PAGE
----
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Carlos Caso-Rosendi
“The closer one approaches to God, the simpler one becomes.” — St. Teresa of Avila

One of the Pharisees asked Jesus to eat with him, and he went into the Pharisee’s house, and took his place at table. And behold, a woman of the city, who was a sinner, when she learned that he was at table in the Pharisee’s house, brought an alabaster flask of ointment, and standing behind him at his feet, weeping, she began to wet his feet with her tears, and wiped them with the hair of her head, and kissed his feet, and anointed them with the ointment. Now when the Pharisee who had invited him saw it, he said to himself, “If this man were a prophet, he would have known who and what sort of woman this is who is touching him, for she is a sinner.” And Jesus answering said to him, “Simon, I have something to say to you.” And he answered, “What is it, Teacher?” “A certain creditor had two debtors; one owed five hundred denarii, and the other fifty. When they could not pay, he forgave them both. Now which of them will love him more?” Simon answered, “The one, I suppose, to whom he forgave more.” And he said to him, “You have judged rightly.” Then turning toward the woman he said to Simon, “Do you see this woman? I entered your house, you gave me no water for my feet, but she has wet my feet with her tears and wiped them with her hair. You gave me no kiss, but from the time I came in she has not ceased to kiss my feet. You did not anoint my head with oil, but she has anointed my feet with ointment. Therefore I tell you, her sins, which are many, are forgiven, for she loved much; but he who is forgiven little, loves little.” And he said to her, “Your sins are forgiven.” Then those who were at table with him began to say among themselves, “Who is this, who even forgives sins?” And he said to the woman, “Your faith has saved you; go in peace.” (Luke 7:36-50)

Sin is misdirected love. Sinning a lot reveals the potential to love greatly if only the direction of that love is ordered again towards God, who is the source, the One who gave the sinner the capacity to love so much. The woman in the story, perhaps a prostitute by trade, was well known for her practice. It is quite likely that those who knew her, including Simon, may have made use of her services.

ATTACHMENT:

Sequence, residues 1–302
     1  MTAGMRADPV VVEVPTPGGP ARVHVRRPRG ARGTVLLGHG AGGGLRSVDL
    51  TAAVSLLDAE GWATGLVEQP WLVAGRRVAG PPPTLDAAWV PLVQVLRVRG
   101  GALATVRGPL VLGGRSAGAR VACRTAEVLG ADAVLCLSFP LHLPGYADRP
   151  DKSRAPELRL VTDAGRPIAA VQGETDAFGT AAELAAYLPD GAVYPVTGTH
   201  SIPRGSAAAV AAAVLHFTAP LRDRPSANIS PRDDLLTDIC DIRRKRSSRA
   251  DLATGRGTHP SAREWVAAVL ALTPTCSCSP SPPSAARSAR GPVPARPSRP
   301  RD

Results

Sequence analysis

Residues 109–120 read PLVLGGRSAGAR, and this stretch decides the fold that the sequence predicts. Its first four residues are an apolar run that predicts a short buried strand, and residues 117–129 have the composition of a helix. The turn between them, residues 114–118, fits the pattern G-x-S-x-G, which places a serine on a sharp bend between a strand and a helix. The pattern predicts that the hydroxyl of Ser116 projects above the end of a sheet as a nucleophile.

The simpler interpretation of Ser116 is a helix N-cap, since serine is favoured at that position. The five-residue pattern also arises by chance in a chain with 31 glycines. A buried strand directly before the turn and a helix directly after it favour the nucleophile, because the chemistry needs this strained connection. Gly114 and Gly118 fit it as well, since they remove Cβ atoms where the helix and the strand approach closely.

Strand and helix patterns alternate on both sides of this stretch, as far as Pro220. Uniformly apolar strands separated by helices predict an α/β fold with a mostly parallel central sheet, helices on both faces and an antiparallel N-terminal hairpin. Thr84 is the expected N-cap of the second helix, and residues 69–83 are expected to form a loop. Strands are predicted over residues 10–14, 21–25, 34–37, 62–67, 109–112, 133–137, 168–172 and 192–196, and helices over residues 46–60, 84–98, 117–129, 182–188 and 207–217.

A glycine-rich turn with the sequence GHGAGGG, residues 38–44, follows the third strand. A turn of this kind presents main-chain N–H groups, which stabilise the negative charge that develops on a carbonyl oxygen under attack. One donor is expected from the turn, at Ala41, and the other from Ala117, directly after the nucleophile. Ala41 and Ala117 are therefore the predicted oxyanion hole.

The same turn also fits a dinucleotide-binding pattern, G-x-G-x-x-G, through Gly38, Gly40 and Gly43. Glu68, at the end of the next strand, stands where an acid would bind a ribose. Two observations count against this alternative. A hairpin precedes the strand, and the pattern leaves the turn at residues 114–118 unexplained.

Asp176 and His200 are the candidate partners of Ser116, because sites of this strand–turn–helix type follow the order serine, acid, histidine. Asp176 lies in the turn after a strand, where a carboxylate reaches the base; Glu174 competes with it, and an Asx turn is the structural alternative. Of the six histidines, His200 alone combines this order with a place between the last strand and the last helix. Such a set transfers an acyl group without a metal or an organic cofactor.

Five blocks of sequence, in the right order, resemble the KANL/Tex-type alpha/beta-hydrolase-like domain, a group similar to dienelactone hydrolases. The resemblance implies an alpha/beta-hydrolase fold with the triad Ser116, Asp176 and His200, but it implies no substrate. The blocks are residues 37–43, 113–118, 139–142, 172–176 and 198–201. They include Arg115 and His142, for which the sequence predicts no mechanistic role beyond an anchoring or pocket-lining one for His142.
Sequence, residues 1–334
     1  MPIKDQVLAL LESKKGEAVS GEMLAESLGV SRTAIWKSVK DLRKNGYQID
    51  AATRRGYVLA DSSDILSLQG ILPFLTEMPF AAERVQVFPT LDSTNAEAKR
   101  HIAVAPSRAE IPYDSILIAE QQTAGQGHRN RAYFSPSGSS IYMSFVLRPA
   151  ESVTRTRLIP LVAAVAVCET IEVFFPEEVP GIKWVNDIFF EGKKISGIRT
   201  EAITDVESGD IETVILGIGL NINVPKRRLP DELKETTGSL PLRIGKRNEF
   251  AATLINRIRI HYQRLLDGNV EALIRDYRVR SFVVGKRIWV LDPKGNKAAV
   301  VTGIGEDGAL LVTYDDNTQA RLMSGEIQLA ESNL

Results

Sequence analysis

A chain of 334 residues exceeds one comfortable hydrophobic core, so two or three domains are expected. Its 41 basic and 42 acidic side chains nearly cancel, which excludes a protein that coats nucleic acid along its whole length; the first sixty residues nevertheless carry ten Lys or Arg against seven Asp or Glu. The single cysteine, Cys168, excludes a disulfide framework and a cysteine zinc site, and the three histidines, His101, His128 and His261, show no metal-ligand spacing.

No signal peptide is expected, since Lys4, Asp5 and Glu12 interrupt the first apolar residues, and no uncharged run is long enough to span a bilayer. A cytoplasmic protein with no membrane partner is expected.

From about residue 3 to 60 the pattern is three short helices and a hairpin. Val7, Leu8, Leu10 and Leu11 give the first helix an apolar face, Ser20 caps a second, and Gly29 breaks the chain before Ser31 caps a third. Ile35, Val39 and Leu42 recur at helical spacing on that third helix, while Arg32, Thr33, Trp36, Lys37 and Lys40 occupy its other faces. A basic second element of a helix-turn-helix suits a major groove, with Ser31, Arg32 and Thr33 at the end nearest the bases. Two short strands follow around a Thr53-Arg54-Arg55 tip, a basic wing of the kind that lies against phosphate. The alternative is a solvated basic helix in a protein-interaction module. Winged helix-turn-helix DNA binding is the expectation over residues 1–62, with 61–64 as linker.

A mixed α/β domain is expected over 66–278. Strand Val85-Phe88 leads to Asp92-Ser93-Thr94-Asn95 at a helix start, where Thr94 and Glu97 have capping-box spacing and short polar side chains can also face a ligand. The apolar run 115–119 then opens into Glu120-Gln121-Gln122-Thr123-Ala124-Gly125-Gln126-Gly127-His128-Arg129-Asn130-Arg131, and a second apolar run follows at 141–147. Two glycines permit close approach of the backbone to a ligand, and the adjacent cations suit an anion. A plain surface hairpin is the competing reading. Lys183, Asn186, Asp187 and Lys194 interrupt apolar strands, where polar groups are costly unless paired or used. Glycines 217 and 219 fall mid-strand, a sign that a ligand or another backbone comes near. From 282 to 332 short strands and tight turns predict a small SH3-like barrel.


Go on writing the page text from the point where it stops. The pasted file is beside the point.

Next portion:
Simon thought of her but uttered not a word. Jesus however, was reading Simon’s heart and also the woman’s. Jesus was, we would say today, in “perfect knowledge” of the situation. The woman cried inclined on Jesus’ feet. Why? Because her eyes had recognized in Jesus a perfection, a love that no one had ever offered her.

You see, her capacity to love was great. She was ready for a great love story, she had a huge heart that took perhaps great blows from men who did not love her right. In time, she got used to that sad and grave injustice and her love was gradually misdirected to the very sinful disorder that made her infamous about town.

I imagine that Jesus was invited to the house of the Pharisee after preaching in that town. The woman was just one more face in the crowd surrounding the famous new Rabbi. She was perhaps standing there when her eyes caught Jesus’ gaze. That was the trademark of her profession, to catch the eye of her potential client and enter into that exchange that tried to emulate the look of pure love between man and lawful wife. A devilish simulation it was, a dirty make believe trying to mimic the spousal: “I know you love me, please know I desire you,” that in reality said: “I know what you want, and I have it here for a price.” In the mud of human concupiscence such are the imprints of the devil’s hoofs. That exchange is nothing but a dirty mockery of the beautiful dance leading to spousal union. In all the godless simulations of marriage now en vogue one will always find traces of that abomination, the difference among them is only a matter of degree.

But that day, when she found His eyes, those eyes entered deep into her soul and she felt not the animal hunger of an aroused male but a soft caress that made her hear something different: “What have they done to you? What have you done to yourself?” There was no scandal, no shaming, only a kindness of such depth that made her want to be lost in it forever, trusting in it, feeding from it for dear life. In contact with such level of pure love, she felt suddenly saddled with all her past and then she felt the forgiveness coming into her heart like a river of mercy. And then she ran to her home and cried her fill on that bed … that bed.

Later on, when she learned that Jesus was going to be at Simon’s house, she placed herself behind the men, as it was proper for lowly women to do. There she patiently waited until the last man was received, sneaking silently into the house and moving towards the place where Jesus was. That was the beginning of her following Jesus. From that moment on, she would never be too far from Him.

On the day of St. Januarius

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